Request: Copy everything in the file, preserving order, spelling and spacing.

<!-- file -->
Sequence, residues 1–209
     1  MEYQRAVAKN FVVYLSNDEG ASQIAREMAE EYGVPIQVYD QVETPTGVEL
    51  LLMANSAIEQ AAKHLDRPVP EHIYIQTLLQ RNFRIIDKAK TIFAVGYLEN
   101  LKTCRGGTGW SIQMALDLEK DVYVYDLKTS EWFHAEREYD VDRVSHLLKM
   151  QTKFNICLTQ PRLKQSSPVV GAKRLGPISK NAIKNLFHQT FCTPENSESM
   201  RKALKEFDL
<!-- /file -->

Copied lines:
Sequence, residues 1–209
     1  MEYQRAVAKN FVVYLSNDEG ASQIAREMAE EYGVPIQVYD QVETPTGVEL
    51  LLMANSAIEQ AAKHLDRPVP EHIYIQTLLQ RNFRIIDKAK TIFAVGYLEN
   101  LKTCRGGTGW SIQMALDLEK DVYVYDLKTS EWFHAEREYD VDRVSHLLKM
   151  QTKFNICLTQ PRLKQSSPVV GAKRLGPISK NAIKNLFHQT FCTPENSESM
   201  RKALKEFDL